James places redemptive suffering, this revolutionary element of the gospel, right at the beginning of his epistle. “Count it all joy, my brethren, when you meet various trials, for you know that the testing of your faith produces steadfastness. And let steadfastness have its full effect, that you may be perfect and complete, lacking in nothing” (1:2-4).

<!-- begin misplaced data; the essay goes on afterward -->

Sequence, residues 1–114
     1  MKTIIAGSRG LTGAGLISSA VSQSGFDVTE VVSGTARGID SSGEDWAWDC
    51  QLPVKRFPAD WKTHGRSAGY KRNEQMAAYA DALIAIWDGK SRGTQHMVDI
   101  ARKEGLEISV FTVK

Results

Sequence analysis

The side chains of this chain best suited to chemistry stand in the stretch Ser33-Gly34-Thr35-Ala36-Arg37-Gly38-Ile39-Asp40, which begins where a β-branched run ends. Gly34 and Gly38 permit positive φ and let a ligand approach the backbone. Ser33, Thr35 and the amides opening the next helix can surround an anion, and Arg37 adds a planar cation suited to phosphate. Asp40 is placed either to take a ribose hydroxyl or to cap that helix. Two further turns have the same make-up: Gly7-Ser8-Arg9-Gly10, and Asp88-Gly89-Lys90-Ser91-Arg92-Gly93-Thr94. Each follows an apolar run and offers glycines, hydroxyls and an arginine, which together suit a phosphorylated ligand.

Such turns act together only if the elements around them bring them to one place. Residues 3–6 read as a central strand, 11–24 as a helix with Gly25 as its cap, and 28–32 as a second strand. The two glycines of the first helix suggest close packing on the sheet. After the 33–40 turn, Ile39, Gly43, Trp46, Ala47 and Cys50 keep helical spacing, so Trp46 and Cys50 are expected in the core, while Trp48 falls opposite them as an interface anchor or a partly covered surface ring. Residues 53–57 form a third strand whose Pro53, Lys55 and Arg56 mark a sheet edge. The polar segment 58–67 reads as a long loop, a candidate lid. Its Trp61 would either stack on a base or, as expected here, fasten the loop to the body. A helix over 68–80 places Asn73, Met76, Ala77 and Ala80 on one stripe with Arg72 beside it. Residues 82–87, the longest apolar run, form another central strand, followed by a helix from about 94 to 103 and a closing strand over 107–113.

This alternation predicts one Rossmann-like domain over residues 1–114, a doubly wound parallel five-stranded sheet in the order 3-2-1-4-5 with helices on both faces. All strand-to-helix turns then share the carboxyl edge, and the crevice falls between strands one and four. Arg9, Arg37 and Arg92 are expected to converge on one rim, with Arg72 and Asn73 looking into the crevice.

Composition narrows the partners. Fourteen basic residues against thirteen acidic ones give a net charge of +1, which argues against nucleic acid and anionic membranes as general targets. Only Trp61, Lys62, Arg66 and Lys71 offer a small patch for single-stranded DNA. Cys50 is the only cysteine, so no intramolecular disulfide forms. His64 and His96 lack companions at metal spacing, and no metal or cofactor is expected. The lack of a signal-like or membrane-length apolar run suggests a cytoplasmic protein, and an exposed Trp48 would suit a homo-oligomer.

Like the books of Psalms, Proverbs, and Sirach, James reminds us that difficulties have always been part believers’ lives. In speaking of “various trials” that test our faith, he speaks of not just religious persecution but sickness, crime, loneliness, poverty – whatever tests our faith in God’s love, goodness, and justice. What is revolutionary in James’ statement, however, is the idea that Christians should look upon trials with intense joy. The Greek text helps us understand his rationale: “Joy” is charan, from the root word charis, or “grace.” Our trials are occasions for joy precisely because God’s grace is at work to bring us successfully through the period of testing and perfect the image of Christ in our souls. When James says that the testing of our faith produces “steadfastness,” or “endurance,” he uses the Greek term hypomonēn. Etymologically, it points to “remaining under” a heavy load. This load is Christ’s Cross that, like the Master, we must carry (Mt 16:24) if we are to become “perfect and complete, lacking in nothing” (Jas 1:4).